10 and soil quality indicators of introducing new rotations or the use of green manure cover crops or manures. (For lack of space, examples are not provided here.) Question 7 - How do the new practices mesh with farmers risk management strategies? Farm families that survive or even thrive in a drought-prone, risky environment understandably have developed strategies to deal with climatic variation. For Southern African families who rely on maize systems for income and employment, risk management strategies might feature (Scoones et al. 1996): Staggered maize planting. Early maturing maize varieties. Maize seed soaking. Crop diversification. Crop sequences or rotations that foster moisture conservation. Landscape management (e.g., varying the relative intensity of use of low-lying lands vs. hillsides). Use of cattle husbandry or off-farm or nonagricultural employment as alternative sources of income, etc. To these options may soon be added another important one drought- and low-n tolerant maize varieties (Edmeades et al. 1997). How well do new soil management practices mesh with these risk management strategies? Might recommended intercrops or undersown legumes rob moisture from maize during a drought, further reducing grain production badly needed for subsistence? Are the high labor inputs needed for green manure management feasible if farm family survival during drought periods depends on livestock management or off-farm employment? How can reseachers and farmers work together to answer these questions? Note that new maize technology (modern varieties and fertilizer) can sometimes be risk efficient (Ames et al. 1993; Smale et al. 1994). Can organic-based technologies do as well? Question 8 - How well understood are the factors governing adoption of new soil management practices? Good performance under drought conditions and a good fit with farmers risk management strategies are crucial to the attractiveness of new technology for farm families. But other factors particular those that influence the near- and longer-term costs and benefits of adoption may be equally important. Information on factors governing adoption can be generated during farmer participatory adaptive experimentation (see Question 5). At times, however, dedicated adoption studies are needed (see CIMMYT Economics Program 1993 for a summary of methods useful in conducting adoption research). In addition, there is no substitute for a sound economic analysis and a sound farmer assessment of practices being proposed for widespread dissemination. Whatever the source or type, information on factors governing adoption can be exceedingly useful, as the following examples show. Farmers in Western Kenya began using improved fallows that feature direct seeding of Sesbania in place of maize on their least productive maize lands, even though the yield increase in the following maize crop was only about 25%. Farmers quickly realized that the savings in crop labor offset foregone maize yields and used the practice to reclaim depleted land. Understandably, adopting households were those with access to off-farm income or with low labor to land ratios (Swinkels et al. 1996), and an awareness of this helped in targeting the technology. In West Africa, researchers have found that adoption of Mucuna in maize systems has been greatest where soil fertility is declining and inorganic fertilizers are not subsidized, where noxious weeds (like Imperata) severely affect maize production, and where farmers have good contact with development organizations that facilitate access to Mucuna seed (Vissoh et al. 1997). Knowledge of these factors has guided subsequent dissemination efforts involving Mucuna. 77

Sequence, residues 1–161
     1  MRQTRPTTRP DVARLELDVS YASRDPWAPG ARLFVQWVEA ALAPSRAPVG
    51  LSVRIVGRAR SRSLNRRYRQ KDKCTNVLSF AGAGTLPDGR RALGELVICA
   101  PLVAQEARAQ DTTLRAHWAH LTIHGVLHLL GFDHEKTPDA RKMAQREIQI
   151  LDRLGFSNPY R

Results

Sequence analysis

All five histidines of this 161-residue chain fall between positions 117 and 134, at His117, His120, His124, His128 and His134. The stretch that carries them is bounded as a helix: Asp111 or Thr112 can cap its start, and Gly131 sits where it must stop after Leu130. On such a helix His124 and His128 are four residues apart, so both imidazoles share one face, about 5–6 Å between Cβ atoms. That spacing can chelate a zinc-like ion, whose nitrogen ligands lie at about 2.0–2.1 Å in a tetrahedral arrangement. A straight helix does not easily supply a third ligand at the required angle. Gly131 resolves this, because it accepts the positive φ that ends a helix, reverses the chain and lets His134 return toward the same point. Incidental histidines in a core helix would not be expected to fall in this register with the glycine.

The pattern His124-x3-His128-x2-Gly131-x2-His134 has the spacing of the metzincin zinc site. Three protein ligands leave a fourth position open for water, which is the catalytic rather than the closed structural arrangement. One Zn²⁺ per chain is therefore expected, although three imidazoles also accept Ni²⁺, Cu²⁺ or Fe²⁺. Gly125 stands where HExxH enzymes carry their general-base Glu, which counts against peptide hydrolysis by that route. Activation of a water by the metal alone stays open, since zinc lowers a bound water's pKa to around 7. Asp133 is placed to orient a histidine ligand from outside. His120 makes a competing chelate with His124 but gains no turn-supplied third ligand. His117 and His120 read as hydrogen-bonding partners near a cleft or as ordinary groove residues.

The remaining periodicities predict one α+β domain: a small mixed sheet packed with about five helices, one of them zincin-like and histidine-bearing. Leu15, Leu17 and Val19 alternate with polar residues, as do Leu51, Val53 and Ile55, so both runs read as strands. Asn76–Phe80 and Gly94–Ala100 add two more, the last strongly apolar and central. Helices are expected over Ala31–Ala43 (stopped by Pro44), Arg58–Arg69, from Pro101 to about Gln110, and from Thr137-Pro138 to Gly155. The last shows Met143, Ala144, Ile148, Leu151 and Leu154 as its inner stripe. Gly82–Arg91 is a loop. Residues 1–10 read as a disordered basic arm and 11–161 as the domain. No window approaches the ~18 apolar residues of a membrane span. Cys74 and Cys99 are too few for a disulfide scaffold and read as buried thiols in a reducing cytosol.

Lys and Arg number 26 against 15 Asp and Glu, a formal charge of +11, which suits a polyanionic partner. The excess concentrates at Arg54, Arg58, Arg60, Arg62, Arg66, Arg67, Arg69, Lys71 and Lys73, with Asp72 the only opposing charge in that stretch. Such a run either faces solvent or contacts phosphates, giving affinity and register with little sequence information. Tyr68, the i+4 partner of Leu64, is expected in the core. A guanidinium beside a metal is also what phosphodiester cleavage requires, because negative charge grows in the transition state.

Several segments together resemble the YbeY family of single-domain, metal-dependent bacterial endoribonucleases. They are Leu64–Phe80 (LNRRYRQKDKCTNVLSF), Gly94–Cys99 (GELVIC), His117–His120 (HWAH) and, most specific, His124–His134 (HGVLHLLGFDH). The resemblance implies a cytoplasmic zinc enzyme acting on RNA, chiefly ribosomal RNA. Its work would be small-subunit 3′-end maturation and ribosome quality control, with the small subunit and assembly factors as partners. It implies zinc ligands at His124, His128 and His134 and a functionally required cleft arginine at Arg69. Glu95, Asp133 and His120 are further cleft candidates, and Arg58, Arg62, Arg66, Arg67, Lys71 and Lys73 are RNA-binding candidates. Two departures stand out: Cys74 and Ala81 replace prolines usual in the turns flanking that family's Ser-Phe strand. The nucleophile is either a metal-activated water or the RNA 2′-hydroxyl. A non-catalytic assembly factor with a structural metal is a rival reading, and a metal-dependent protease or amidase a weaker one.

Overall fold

11 What is known about factors that govern the adoption of soil management practices for Southern Africa? What is the cost-benefit equation for the major technical options both near-term and longer-term? Are inorganic fertilizer, lime, or other soil amendments really profitable to farmers when realistic transport costs, interest rates and product prices are included in the analysis? 3 What are the hidden costs of adoption? For example, is it possible that open grazing by livestock during the dry season constrains green manure growth or use of crop residues as a source of organic matter source? Is the fencing of land a hidden cost of adopting these practices? Should farmers plow immediately after harvest to incorporate green manure biomass and so avoid it being eaten by roaming cattle? Is it feasible for most farmers to plow in such a manner? Participatory research with farmers, economic analysis of trials, and adoption studies can help answer these important questions. Question 9 - What mechanisms are in place to accelerate and improve the quality of adoption by informing the policy debate? Policymakers typically have multiple objectives, only one of which may be to improve the productivity and sustainability of maize systems. Policy decisions will be made, whether or not the information base to support these decisions is complete. Decisions, once taken, can have unexpected or unintended consequences for agricultural production in general, and maize system productivity in particular. Agricultural scientists and research managers may not necessarily be the best people to determine or influence policy, but they have a very important role in helping inform the policy debate. What mechanisms are in place for agricultural scientists or research managers to provide essential information to policymakers? 3 See Perrin and Anderson or updated versions - for methods of partial budget economic analysis of agronomic experiments. The adoption of improved technologies that depend on the use of purchased inputs, such as seed and fertilizer, is strongly conditioned by the policy environment with respect to input supply and prices. To foster adoption, the following are said to be needed: A cost-effective mix of price policy, credit, input supply, and extension, (with special attention to the economics of fertilizer use, the availability of fertilizer, price policies and credit, pricing environment and distribution costs, the privatization of supply, and infrastructure development) (Mwangi 1997). Mechanisms for ensuring that such programs are sustainable over the long term, given the shortterm nature of most maize production campaigns (Byerlee et al. 1994). The adoption of improved soil management technologies that depend on organic as well as inorganic inputs will be conditioned by other dimensions of the policy environment; these include participatory extension to foster farmer learning of knowledge intensive technologies, access to green manure seeds of good quality, improved markets for grain legumes, and policies that encourage use of crop residues and green manures as soil amendments or mulch (for example, support for fencing off land). Information on factors governing adoption of productivity enhancing, resource conserving practices needs to be packaged and made available to local, regional and national level policymakers. Are there mechanisms in place to do so? Question 10 - Will adoption of improved soil management practices materially contribute to the regeneration of the soil resource base? Over what time frame? With what other longer-term or off-site effects? The Soil Fertility Network has several objectives, among them: to help rehabilitate exhausted soils and to foster improved productivity of maize systems through improved soil fertility. Rehabilitation of exhausted soils and improvement 88